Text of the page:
Posts

Linux Heap glibc TCache Double Free Mitigation Bypass

In this paper, I introduce the reader to a heap metadata corruption against the latest Linux Heap Allocator, ptmalloc. This attack performs a double free in the presence of the tcache double free mitigation. It does this by corrupting the freed chunk before the 2nd free is called. This allows a cycle to be created in the tcache and can give primitives such as making malloc returning the same memory more than once, or making malloc return an arbitrary pointer.

Linux Heap glibc TCache Double Free Mitigation Bypass.PDF

Cryptopals Challenge 23: Clone an MT19937 RNG from its output

I've recently gotten the cryptography bug.

I would highly recommend working through the challenges at http://cryptopals.com. The challenges give insight and practice into real attacks on weak cryptosystems.

Personally, I'm onto set 4, but I skipped the Mersenne Twister (MT) RNG  to get there. Today I went back to those challenges and in this blog post I present my solution to challenge 23.

The Mersenne Twister generates Pseudo Random Numbers. It would be nice as an attacker to be able to predict future numbers by looking only at the earlier output of the MT Random Number Generator. 

Firstly, an earlier challenge is to simply get an MT RNG working. I stole the code from https://github.com/james727/MTP. Is it bad that I copied the code? No. You will see there is much work needed to be done to break the MT RNG.

The key insight to the MT1997 RNG is that the complete internal state consists of 624 32-bit integers. If you can clone these integers, you can predict any future number …

Linux Heap House of Force Exploitation

In this paper, I introduce the reader to a heap metadata corruption against a recent version of the Linux Heap allocator in glibc 2.27. The House of Force attack is a known technique that requires a buffer overflow to overwrite the top chunk size. An attacker must then be able to malloc an arbitrary size of memory. The result is that it is possible to make a later malloc return an arbitrary pointer. With appropriate application logic, this attack can be used in exploitation. This attack has been mitigated in the latest glibc 2.29 but is still exploitable in glibc 2.27 as seen in Ubuntu 18.04 LTS.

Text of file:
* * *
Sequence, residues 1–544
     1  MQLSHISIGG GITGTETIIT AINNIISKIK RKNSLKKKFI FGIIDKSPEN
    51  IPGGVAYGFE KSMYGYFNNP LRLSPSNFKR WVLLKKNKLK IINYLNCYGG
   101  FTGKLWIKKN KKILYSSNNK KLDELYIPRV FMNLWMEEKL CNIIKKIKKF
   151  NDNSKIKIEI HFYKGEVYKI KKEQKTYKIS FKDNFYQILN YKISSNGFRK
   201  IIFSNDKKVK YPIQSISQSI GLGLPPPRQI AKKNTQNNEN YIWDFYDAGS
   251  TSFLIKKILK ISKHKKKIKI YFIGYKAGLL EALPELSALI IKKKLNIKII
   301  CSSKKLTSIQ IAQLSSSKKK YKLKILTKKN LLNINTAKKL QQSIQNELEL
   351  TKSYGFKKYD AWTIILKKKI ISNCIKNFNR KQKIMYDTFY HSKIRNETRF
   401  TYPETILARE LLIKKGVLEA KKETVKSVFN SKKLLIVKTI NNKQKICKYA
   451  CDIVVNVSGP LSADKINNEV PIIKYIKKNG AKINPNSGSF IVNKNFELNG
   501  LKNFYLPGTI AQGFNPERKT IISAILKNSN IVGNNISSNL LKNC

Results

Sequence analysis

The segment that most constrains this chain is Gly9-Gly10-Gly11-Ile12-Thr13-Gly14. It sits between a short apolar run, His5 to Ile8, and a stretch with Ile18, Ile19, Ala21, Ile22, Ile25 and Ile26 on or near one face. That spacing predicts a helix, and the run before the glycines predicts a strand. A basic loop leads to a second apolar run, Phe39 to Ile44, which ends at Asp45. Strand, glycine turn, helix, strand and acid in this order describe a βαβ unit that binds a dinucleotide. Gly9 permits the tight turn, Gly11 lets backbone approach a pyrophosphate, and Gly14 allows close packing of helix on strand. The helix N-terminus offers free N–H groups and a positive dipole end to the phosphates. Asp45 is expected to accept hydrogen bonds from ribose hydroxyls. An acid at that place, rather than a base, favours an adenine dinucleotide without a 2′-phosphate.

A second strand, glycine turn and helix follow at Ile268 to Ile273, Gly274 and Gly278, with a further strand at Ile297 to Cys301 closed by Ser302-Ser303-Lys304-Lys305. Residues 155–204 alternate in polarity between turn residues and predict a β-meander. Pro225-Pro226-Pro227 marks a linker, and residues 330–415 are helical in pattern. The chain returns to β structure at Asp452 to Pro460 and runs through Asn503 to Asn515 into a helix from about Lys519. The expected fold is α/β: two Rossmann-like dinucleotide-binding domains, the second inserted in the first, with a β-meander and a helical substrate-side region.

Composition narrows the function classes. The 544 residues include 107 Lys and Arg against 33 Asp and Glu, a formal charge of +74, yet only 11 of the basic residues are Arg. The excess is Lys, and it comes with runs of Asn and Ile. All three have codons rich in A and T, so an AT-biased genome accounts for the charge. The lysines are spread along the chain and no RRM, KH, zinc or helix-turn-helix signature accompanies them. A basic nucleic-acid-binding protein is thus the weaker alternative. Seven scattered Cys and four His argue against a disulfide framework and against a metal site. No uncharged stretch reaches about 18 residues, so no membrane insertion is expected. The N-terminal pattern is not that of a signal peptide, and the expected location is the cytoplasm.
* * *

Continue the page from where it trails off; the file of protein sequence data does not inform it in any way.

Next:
Linux Heap House of Force Exploitation.PDF

Linux Heap Calloc Exploitation part 2

In this paper, I introduce the reader to a heap metadata corruption against the most current version of the Linux Heap allocator. Normally, calloc will allocate data and zero out the memory before returning a pointer to it. An attacker that can overflow from one chunk into a free chunk in a fast bin can force calloc to return uninitialised data. This information leak could be utilised to defeat ASLR or expose sensitive information.

Linux Heap Calloc Exploitation part 2.PDF

Linux Heap Calloc Exploitation

Linux Heap Overlapping Chunks Exploitation

In this paper, I introduce the reader to a heap metadata corruption against the current Linux Heap Allocator, ptmalloc. An attacker that can overflow from one chunk into the next allocated chunk can force ptmalloc to return overlapping allocations. Given the appropriate application logic, this can lead to exploitation.
This attack is known and is documented in various outlets.